Oftentimes called the Prince of Paradox, G.K. Chesterton was a sharp writer, philosopher, theologian, and critic. We don't agree over many points, but his intellect and insights have added to the quality of my life.
The following story, in particular, reminds the need to understand, rather than just look at the superficial characteristics.
Suppose that a great commotion arises in the street about something, let us say a lamp-post, which many influential persons desire to pull down. A grey-clad monk, who is the spirit of the Middle Ages, is approached upon the matter, and begins to say, in the arid manner of the Schoolmen, "Let us first of all consider, my brethren, the value of Light. If Light be in itself good—" At this point he is somewhat excusably knocked down. All the people make a rush for the lamp-post, the lamp-post is down in ten minutes, and they go about congratulating each other on their unmediaeval practicality. But as things go on they do not work out so easily. Some people have pulled the lamp-post down because they wanted the electric light; some because they wanted old iron; some because they wanted darkness, because their deeds were evil. Some thought it not enough of a lamp-post, some too much; some acted because they wanted to smash municipal machinery; some because they wanted to smash something. And there is war in the night, no man knowing whom he strikes. So, gradually and inevitably, to-day, to-morrow, or the next day, there comes back the conviction that the monk was right after all, and that all depends on what is the philosophy of Light. Only what we might have discussed under the gas-lamp, we now must discuss in the dark.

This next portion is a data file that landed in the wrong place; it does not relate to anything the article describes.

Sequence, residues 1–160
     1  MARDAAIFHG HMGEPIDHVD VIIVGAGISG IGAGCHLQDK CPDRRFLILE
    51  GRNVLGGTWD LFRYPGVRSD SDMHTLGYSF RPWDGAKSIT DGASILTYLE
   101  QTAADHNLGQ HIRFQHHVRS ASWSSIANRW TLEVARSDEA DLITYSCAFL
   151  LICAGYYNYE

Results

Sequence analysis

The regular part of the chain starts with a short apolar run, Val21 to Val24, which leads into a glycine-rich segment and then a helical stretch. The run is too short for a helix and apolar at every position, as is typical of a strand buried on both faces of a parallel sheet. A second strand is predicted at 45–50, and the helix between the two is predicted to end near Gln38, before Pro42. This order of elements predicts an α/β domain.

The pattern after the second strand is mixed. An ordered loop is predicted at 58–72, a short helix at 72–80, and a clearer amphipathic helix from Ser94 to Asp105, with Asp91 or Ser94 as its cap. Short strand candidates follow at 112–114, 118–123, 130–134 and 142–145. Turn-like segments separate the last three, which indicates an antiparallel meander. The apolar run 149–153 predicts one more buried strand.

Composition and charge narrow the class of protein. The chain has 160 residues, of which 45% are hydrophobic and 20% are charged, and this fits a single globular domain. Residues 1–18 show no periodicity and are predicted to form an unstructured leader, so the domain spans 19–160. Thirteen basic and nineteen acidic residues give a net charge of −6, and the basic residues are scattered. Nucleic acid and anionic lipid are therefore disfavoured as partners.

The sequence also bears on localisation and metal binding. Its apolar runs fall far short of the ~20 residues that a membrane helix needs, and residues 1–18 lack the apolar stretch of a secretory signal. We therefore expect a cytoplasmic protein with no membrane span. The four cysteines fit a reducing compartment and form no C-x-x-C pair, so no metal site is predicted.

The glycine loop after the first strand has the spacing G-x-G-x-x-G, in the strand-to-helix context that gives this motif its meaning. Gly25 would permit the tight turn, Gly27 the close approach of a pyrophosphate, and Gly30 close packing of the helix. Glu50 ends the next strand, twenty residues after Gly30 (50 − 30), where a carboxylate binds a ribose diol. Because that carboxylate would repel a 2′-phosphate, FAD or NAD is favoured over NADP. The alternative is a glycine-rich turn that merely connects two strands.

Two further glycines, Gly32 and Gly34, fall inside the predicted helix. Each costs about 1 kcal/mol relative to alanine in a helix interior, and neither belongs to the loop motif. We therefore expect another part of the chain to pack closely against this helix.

This echoes the advice the physicist Richard Feynman received from his father Melville on their long walks through woods and forests.
“See that bird? It’s a brown-throated thrush, but in Germany it’s called a halzenfugel, and in Chinese they call it a chung ling and even if you know all those names for it, you still know nothing about the bird, absolutely nothing about the bird. You only know something about people — what they call the bird.”
Chesterton was a lover of inversion, of paradox, of another way of thinking, and that's evident in the cheeky, even underhand commentary of his times.
He has pleased all the bohemians by saying that women are equal to men; but he has infuriated them by suggesting that men are equal to women.
The aim of the sculptor is to convince us that he is a sculptor; the aim of the orator, is to convince us that he is not an orator.
One of my favourite thoughts on stories and storytelling.
If we have sufficient intellect, we can finish a philosophical and exact deduction, and be certain that we are finishing it right. With the adequate brain-power we could finish any scientific discovery, and be certain that we were finishing it right. But not with the most gigantic intellect could we finish the simplest or silliest story, and be certain that we were finishing it right.
In an age of endless distraction, Netflix, and the cravings for enterntainment, Chesterton's admonitions still ring true.
Never has there been so little discussion about the nature of men as now, when, for the first time, any one can discuss it.